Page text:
Recording sheds light on Easthampton mayor’s alleged racist comments to high school class

  • NICOLE LaCHAPELLE

  • The four-minute audio recording of Easthampton Mayor Nicole LaChapelle’s visit to a high school class last month provides context behind the alleged racist remark that has sparked controversy and led to a School Committee investigation. GAzette file photo

Staff Writer
Published: 4/28/2022 7:57:31 PM
Modified: 4/28/2022 7:56:04 PM

EASTHAMPTON — An audio recording of Mayor Nicole LaChapelle’s remarks made to a student in a high school civics class last month that the School Committee has called “racist and unacceptable” provides a deeper look at the encounter the mayor had with students during her March 30 visit.

In the four-minute audio clip obtained by the Gazette, the instructor of the class, Kelley Brown, invites LaChapelle to offer her thoughts after watching two groups of students practice for the We the People: The Citizen and Constitution national finals competition, which tests students on their understanding of the U.S. Constitution and legal principles.

LaChapelle begins by detailing her perception of students’ elocution and praised their command and knowledge of the material. She then offers advice to a student on how “to be seen” and recommended using “the marble trick” as one such technique.

“Pretend there’s a marble in your bellybutton and you’re rolling it up,” she said. “Nobody even knows you’re doing it and … you’re making the marble push up with your breath, and instead of pushing back, push forward and put your elbows on the table. … You want people to see you’re commanding your space and if you can time that … you look completely different.”

At the 1:50-minute mark, LaChapelle tells a student, “Your cadence is a little, it’s … not white. You don’t talk like a white person. Right? And that’s fine. But what you have to do with your physical presence is say like, who f---ing cares?”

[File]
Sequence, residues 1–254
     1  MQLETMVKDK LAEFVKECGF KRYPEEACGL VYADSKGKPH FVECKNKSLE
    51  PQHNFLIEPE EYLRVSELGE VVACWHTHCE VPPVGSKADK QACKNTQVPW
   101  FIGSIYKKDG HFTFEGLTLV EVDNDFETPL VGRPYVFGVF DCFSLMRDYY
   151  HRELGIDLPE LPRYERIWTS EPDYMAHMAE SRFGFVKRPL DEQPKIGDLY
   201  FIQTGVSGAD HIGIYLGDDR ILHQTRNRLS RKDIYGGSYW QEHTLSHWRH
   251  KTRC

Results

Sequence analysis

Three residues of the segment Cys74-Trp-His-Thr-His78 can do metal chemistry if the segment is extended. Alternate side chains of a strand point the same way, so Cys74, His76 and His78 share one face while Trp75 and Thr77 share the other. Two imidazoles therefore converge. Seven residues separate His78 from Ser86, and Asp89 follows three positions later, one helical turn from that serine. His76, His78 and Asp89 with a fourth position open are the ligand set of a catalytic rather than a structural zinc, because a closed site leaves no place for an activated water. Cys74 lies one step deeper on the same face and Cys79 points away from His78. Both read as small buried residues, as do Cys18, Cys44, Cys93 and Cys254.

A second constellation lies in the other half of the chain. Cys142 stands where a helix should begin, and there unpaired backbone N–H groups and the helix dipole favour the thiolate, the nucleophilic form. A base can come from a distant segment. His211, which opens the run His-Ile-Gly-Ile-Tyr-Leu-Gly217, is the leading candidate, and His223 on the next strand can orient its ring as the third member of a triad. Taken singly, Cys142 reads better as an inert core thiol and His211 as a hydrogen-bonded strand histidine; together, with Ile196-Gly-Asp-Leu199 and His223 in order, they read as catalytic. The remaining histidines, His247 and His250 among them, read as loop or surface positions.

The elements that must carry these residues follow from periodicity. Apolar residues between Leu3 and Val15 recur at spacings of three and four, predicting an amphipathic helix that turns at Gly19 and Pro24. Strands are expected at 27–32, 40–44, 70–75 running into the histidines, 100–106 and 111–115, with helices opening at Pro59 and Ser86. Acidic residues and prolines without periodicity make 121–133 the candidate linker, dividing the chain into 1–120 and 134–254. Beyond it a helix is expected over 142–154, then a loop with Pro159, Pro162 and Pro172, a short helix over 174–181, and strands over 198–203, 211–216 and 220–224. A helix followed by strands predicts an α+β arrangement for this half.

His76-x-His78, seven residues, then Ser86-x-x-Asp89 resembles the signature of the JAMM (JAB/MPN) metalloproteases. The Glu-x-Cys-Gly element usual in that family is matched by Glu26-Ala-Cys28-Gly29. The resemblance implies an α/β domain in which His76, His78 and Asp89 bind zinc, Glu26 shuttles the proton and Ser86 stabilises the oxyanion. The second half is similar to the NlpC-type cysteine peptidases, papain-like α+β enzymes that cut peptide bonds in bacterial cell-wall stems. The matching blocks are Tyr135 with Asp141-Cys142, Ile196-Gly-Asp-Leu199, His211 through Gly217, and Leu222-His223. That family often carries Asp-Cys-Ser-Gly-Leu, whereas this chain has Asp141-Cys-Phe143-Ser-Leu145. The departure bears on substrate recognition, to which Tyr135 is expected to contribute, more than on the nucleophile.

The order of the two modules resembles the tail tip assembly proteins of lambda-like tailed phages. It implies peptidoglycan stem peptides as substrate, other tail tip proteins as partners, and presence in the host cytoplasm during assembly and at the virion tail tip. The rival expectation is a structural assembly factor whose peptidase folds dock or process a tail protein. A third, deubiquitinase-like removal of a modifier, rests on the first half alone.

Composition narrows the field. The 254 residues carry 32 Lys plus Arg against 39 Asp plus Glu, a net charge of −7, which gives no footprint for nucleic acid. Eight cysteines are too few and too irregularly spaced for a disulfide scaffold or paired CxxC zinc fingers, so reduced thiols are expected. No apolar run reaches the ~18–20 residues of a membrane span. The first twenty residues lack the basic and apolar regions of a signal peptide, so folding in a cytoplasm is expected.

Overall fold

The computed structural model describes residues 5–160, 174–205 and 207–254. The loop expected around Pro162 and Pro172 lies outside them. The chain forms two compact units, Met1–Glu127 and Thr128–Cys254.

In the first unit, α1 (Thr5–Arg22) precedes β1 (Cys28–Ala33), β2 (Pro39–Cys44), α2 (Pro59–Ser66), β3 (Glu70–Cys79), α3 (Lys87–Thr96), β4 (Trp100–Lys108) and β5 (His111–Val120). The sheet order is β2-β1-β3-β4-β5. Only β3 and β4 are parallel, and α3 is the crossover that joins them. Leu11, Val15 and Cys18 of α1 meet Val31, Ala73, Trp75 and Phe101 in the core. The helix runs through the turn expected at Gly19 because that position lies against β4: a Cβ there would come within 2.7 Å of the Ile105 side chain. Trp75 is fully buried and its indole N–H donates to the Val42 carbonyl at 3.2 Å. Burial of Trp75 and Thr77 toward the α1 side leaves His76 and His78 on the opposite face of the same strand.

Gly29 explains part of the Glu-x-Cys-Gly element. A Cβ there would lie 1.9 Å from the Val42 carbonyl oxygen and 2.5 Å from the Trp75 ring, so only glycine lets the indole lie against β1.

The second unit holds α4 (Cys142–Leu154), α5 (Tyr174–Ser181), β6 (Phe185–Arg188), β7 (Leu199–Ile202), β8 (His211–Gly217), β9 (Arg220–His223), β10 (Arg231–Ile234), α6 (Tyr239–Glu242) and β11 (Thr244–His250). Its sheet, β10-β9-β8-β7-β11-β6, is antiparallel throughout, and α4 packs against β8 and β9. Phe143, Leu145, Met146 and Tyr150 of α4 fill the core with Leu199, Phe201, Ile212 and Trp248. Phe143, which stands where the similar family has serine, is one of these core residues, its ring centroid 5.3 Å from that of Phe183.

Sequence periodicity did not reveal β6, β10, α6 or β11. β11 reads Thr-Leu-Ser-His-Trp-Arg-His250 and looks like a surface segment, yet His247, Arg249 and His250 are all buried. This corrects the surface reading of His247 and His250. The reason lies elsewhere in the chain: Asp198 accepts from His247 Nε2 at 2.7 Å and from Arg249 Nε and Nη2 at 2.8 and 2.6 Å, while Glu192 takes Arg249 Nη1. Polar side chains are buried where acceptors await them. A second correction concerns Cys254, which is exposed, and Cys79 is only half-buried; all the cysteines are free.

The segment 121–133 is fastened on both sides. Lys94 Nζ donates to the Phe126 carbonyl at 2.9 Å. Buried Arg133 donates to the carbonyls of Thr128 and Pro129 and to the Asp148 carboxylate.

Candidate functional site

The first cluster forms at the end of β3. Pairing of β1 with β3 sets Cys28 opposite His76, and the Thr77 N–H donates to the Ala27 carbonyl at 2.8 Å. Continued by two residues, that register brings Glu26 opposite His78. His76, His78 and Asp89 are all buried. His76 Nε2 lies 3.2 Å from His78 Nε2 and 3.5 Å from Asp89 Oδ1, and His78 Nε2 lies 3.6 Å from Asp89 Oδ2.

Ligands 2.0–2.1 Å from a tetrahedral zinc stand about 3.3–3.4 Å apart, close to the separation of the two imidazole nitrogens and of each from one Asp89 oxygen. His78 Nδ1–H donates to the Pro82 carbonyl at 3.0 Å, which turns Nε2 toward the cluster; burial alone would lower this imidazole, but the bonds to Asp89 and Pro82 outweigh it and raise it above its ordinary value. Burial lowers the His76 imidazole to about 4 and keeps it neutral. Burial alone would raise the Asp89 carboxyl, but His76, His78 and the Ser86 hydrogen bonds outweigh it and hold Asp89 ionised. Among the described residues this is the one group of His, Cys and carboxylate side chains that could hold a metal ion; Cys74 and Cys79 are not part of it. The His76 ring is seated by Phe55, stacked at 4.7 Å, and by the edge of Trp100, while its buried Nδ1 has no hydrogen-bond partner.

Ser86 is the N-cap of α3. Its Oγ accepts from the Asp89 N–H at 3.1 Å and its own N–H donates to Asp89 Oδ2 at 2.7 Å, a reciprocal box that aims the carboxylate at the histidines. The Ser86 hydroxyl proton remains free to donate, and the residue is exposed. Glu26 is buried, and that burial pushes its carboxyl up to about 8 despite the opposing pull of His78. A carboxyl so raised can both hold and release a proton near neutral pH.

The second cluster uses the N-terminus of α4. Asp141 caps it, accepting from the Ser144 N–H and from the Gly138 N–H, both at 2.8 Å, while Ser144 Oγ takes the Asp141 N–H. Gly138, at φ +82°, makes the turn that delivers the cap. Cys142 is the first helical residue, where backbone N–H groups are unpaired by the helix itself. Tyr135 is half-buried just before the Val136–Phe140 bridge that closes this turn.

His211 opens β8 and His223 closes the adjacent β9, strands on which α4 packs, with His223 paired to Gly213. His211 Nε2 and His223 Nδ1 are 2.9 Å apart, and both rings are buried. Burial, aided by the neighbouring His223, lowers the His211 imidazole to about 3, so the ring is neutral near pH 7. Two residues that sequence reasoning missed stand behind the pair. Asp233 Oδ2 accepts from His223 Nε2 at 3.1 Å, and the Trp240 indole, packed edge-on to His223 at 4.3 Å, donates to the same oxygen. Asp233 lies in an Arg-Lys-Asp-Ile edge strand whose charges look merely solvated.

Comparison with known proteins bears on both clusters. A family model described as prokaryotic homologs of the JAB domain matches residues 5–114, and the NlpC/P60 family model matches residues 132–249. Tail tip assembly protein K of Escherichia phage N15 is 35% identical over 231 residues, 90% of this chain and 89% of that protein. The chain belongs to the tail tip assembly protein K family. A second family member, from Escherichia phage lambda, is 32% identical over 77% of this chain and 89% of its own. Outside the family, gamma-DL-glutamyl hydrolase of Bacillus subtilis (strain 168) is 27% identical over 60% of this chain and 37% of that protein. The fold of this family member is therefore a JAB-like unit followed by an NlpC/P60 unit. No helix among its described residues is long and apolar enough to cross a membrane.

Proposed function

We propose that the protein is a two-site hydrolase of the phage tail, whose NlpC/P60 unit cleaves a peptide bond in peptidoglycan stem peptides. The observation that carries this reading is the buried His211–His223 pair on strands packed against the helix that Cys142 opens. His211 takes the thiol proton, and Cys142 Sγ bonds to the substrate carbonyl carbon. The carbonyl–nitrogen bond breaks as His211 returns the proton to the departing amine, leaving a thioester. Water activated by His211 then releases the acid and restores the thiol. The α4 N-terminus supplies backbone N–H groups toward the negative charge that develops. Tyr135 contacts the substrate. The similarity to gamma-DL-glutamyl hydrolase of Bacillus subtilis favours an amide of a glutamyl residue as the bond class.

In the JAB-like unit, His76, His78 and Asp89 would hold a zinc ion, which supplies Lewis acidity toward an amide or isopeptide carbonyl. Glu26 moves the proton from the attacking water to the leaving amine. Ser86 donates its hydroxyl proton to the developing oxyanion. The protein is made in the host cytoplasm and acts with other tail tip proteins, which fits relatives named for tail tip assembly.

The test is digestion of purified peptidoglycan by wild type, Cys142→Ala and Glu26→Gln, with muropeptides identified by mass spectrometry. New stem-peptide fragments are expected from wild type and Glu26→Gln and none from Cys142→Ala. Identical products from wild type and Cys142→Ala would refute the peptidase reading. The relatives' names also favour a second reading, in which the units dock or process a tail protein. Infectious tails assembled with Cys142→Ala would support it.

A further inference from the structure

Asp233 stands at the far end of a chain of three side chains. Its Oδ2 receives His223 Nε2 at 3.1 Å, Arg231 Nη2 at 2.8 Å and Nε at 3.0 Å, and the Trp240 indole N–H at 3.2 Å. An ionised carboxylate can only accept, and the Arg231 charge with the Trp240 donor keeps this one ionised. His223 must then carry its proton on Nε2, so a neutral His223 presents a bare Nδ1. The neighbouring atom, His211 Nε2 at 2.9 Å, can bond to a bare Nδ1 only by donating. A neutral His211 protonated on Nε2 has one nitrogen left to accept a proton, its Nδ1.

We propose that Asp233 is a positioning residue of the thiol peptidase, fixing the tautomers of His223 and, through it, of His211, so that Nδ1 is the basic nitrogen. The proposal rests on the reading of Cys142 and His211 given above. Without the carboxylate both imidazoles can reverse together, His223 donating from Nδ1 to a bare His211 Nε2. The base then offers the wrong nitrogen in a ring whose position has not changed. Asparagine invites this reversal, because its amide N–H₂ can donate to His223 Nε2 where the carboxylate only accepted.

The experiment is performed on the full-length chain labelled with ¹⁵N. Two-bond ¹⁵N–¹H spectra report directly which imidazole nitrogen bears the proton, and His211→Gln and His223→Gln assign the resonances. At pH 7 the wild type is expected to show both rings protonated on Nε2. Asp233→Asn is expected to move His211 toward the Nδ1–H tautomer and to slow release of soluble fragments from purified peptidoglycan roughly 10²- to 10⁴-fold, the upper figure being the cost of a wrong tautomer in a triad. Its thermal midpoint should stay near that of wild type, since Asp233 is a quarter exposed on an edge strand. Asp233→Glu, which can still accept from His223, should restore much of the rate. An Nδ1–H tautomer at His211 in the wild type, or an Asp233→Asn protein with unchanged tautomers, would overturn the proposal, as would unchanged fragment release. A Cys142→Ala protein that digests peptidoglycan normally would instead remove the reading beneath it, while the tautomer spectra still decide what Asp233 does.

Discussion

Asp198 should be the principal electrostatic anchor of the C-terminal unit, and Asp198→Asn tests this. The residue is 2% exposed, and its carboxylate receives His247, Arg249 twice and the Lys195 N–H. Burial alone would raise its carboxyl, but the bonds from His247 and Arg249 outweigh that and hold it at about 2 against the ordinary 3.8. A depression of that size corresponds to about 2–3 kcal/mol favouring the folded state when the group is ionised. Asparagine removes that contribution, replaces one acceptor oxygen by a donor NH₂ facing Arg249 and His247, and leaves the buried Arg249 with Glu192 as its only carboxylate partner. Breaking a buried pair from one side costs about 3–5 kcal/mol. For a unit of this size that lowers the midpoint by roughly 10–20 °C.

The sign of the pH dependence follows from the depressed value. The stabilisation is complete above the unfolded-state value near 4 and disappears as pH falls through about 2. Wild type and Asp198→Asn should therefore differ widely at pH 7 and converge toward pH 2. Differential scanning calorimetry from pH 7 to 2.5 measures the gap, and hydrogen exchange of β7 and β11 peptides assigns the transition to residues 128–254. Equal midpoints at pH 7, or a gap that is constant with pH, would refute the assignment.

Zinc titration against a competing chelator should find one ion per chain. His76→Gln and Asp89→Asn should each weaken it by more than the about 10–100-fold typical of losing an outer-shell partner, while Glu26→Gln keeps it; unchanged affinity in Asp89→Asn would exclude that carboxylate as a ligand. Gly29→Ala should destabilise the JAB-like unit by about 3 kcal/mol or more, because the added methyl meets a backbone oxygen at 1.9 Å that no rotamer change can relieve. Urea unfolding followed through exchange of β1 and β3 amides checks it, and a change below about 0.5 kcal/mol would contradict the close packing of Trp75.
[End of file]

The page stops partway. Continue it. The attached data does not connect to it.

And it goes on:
Just after that, at the 2:05-minute mark, she tells the class, “I had a tough morning, I’m sorry.” Her comments are returned with laughter.

The audio continues with LaChapelle complimenting another student for their tone of voice and hand gestures. She also lauded the class’s eye contact with the “judges” who were present in the practice session.

“The sheer knowledge, I thought you had too much to get out with the question. You got the material,” she said. “Nice job.”

Following this visit, the mother of the student wrote a public Facebook post that has since been deleted, alleging that LaChapelle made “racist remarks” to her daughter in front of the whole class.

LaChapelle later said the comment was intended to strengthen the students’ argument at the class’s upcoming competition by acknowledging factors that are out of their control, like the bias often faced by people of color, and the comment was interpreted differently by the student and family.

Nearly two weeks after the classroom visit, on April 12, School Committee Chairwoman Cynthia Kwiecinski said that the committee would investigate the exchange.

LaChapelle responded to the allegations at the April 20 City Council meeting, acknowledging that her comments were “wrong” and vowed to take steps to “break down barriers.”